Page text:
The Great Betty Read: THE EDGE OF WINTER, #34

Edge_Of_WinterOn the Betty Neels scale of perfection to meh, The Edge of Winter falls closer to perfection, except for one great big ole blip near the end. In the dramatic opening, our heroine, with the unlikely name of Araminta Shaw, is rescued from a treacherous Cornish cliff (she descended the ramparts to save a stranded child) by a mysterious sailor, who … behold, shows up as Dutch visiting Dr. Crispin van Sibbelt at the hospital where Araminta is employed as a nurse. Like my favourite Neelses, Araminta and Crispin do NOT hit it off: he’s arrogant, overbearing and teasing; she’s annoyed and peevish. She hates him and especially herself for finding him attractive. One night, after a particularly harrowing hospital day, Crispin shows up at Araminta’s flat, with supper … from Harrod’s. Is there anything to compare to a hero who appears when the heroine is too tired to deal with supper? They eat companionably enough and Crispin kisses Araminta. She’s half in love with him and in total denial, giving rise to one’s of Betty’s finest peevish-heroine passages: “He had invited himself — and he had behaved very strangely; she had been kissed before, but somehow this time she had felt disturbed by it, and that was strange in itself, because she didn’t like him. She would take great care to treat him with polite aloofness when next they met. She entered the Accident Room, carrying on a mythical conversation with him in which he came off very much the worse for wear” (40). WARNING: spoilers ahead.

They part coolly and badly. Soon thereafter, Araminta, at her father’s and aunt’s pleading behest, travels to Holland to care for a sick relative. At the hospital visit for her cousin-by-marriage, Thelma, she meets Crispin. While the Crispin-Araminta courtship dance is as good as Neels can pull off, it’s Araminta caring for her cousin’s, Thomas’s, wife that makes for the most interesting reading. Thomas is a first-class ass, alternatingly cruel or indifferent, a cheapskate and workaholic. He has abandoned the dying Thelma to her fate, gaslighting her by saying she’s over-reacting to a fatal illness. Thomas has rendered their son, Bertram, a right little snot, into a mirror image. Our Betty has outdone herself in this portrayal of cruel indifference, never mincing words how remorselessly callous one human may behave towards another. In contrast, Crispin’s reappearance in Araminta’s life, to help her with the dying Thelma, to take her to dinner, ferry her about in his slick cars, stands in contrast to Thomas, not for Crispin’s wealth and refinement, but for his kindness, consideration, and care for others. Crispin may be as arrogant and mysterious and unforthcoming as he likes because he is solicitous.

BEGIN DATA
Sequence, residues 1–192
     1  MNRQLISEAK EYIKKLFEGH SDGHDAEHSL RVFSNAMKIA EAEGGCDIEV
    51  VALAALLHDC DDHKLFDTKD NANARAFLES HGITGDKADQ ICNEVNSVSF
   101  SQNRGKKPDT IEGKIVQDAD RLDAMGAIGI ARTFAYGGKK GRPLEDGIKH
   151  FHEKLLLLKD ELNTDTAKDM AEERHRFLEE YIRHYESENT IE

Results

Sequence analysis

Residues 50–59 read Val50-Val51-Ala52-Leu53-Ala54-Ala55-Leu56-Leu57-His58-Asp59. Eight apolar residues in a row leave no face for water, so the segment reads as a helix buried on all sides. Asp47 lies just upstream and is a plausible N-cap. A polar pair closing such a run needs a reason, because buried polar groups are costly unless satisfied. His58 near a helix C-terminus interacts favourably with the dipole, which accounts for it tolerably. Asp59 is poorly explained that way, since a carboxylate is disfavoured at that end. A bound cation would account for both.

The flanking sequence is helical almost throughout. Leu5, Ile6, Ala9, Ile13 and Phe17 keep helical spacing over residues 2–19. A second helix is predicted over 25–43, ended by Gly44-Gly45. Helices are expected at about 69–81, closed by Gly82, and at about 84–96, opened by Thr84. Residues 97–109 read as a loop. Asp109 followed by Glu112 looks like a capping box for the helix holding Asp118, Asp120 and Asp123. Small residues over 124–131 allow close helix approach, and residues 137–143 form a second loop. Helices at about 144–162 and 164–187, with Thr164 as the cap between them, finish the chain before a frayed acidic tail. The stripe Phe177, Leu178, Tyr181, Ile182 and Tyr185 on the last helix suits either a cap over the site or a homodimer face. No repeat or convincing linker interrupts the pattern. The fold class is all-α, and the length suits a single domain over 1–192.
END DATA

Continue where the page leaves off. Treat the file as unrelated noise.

When poor Thelma dies, her last days made more comfortable by Araminta and Crispin, Betty writes one of the iconic Betty moments that I will from hereon refer to as the “white handkerchief”. This is why Betty is the ultimate romance comfort read. Because the hero responds to the heroine’s needs, emotional, physical, spiritual, with perfect words, objects, and gestures, whether they be a comforting murmur, a stalwart shoulder, a bowl of soup, or:

She shook her head again, sniffed for the third time and looked at him. “I have no idea what to do, but I’m not usually so poor-spirited — I think I’m a little tired, and it’s lonely here.”

He didn’t answer but took a very white handkerchief from a pocket and offered it to her. “I should have thought of this,” he told her, “but no matter, it can be sorted out in no time.” (82)

The handkerchief when tears are flowing, the setting to rights. Crispin takes Araminta out of the apartment where Thomas expected her to spend the night with Thelma’s corpse and takes her home with him, where the “white handkerchief” takes the form of French onion soup, turbot in lobster sauce, and Charlotte russe, a lovely bedroom, and scented soap. Nothing is sexier than being taken care of. Araminta’s ruminations are the BEST: ” … it struck her with the most unexpected suddenness that it would be nothing short of happiness to sit opposite him for the rest of her life. He would probably be a difficult husband, but she saw no reason why she couldn’t manage him” (90). No reason, indeed, Araminta. Our Araminta admires Crispin and thinks: “a resourceful man too, but once roused, of a very nasty temper. She loved every inch of him” (139).